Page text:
A Minden woman is looking for answers after delivering a delegation on animal bylaws to Minden Hills council more than two years ago.

Shanna Dryburgh alleged witnessing 14 dogs outside in sub-zero conditions on a vacant property near Minden in the winter of 2020. Videos were shared online and by media province-wide.

Dryburgh urged council to strengthen laws limiting the number of dogs that can be kept, as well as disallowing their care on vacant land.

After her delegation, council requested a staff report and possible bylaw changes, which have not yet been brought before council.

Dryburgh said she’s emailed Minden Hills through CAO Trisha McKibbin multiple times and said she was assured the issue would come back before council in 2021. McKibbin did not respond to requests for comment by press time.


“There was an order made at council. How many years is it reasonable for this to be done?” Dryburgh asked. Mayor Brent Devolin said the issue has not been forgotten.

“During COVID times the processing of these kinds of longer-term objectives, we’ve been running at half-speed,” he said.

Devolin added he believes other issues such as shoreline preservation and short-term rentals are likely to take up council’s time this spring while exceptional building activity puts pressure on administrative staff.

“This isn’t a quick endeavour, it will take time.”

Dryburgh said since the province, through the 2020 Provincial Animal Welfare Services (PAWS) Act is making changes to standards of care for outdoor dogs, it is “the perfect opportunity” to get it done and keep in line with what the province is doing.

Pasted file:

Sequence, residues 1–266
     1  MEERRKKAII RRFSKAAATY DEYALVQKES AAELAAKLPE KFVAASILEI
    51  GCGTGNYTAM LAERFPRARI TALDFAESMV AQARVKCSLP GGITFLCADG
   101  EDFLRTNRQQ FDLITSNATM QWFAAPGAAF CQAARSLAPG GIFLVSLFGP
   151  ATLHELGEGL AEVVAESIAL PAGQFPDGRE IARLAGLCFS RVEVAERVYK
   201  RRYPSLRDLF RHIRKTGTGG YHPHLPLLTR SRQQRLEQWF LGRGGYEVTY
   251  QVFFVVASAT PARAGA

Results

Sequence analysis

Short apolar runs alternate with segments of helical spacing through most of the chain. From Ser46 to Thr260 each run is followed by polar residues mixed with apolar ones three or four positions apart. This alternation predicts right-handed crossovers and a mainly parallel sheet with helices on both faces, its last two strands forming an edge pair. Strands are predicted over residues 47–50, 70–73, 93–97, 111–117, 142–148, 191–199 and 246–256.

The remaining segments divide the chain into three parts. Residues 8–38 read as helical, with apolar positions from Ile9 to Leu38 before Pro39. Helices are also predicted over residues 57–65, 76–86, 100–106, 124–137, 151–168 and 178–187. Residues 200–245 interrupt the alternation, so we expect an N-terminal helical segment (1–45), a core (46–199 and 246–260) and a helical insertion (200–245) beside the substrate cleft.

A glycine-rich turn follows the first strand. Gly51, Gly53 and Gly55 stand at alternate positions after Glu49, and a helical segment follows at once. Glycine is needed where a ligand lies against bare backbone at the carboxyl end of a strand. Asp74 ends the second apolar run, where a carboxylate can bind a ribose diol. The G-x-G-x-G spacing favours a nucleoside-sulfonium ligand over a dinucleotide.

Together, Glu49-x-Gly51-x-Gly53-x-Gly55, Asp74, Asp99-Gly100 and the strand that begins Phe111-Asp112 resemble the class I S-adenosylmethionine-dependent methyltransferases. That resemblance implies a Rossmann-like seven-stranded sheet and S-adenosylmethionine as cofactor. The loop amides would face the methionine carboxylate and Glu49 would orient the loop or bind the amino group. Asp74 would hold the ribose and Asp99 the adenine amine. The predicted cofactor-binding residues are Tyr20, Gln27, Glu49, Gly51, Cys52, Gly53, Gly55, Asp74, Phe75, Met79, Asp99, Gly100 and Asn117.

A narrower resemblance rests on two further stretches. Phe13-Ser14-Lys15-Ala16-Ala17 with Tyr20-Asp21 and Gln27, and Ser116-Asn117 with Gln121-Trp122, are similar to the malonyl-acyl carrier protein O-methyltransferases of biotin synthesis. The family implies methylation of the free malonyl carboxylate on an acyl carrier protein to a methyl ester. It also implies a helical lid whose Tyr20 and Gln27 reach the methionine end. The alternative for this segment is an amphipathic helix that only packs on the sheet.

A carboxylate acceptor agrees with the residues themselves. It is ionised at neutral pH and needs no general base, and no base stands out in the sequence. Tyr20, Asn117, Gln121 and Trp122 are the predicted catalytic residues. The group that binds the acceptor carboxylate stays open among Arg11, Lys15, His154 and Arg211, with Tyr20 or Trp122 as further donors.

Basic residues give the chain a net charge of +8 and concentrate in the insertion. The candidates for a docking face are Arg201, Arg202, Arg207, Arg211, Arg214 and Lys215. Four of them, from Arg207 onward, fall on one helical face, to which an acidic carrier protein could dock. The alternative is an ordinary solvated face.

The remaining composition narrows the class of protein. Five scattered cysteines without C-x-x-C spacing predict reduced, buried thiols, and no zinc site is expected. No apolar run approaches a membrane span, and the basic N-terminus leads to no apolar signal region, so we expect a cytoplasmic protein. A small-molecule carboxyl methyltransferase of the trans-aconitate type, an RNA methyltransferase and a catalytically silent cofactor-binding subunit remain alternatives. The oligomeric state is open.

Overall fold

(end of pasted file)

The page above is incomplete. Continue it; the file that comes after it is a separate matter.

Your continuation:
She said Minden Hills’ rules, which allow people to own up to nine dogs, are irresponsible.

In surrounding municipalities, the maximum number of dogs allowed to be kept is lower. For example, private households can only own up to four dogs in the City of Kawartha Lakes.

She also called for prohibiting the keeping of dogs on vacant land.

Colin McKnight, Minden Hills’ chief building official, said his department has compiled research but has not yet prepared a report.

Dryburgh said she was concerned if Devolin, who said he will not run for re-election, is not on council, the issue may be forgotten.

Devolin said that’s unlikely since staff maintain report files and many council members are expected to seek re-election.

“Certainly this will be a matter of concern and of conversation we’ll have at council,” he said.

Two people from the Kawartha Lakes face multiple counts of animal-related charges in a case that prompted Dryburgh’s delegation.

Those charged were initially scheduled to appear in court in October 2020. As of March 9, 2022 the case has not yet been rescheduled.

The case came in a time of transition for animal welfare in Ontario. The PAWs act came into effect Jan. 1, 2020, putting enforcement in the hands of the province instead of the Ontario Society for the Prevention of Cruelty to Animals (OSPCA)

Get The Highlander in your inbox every Thursday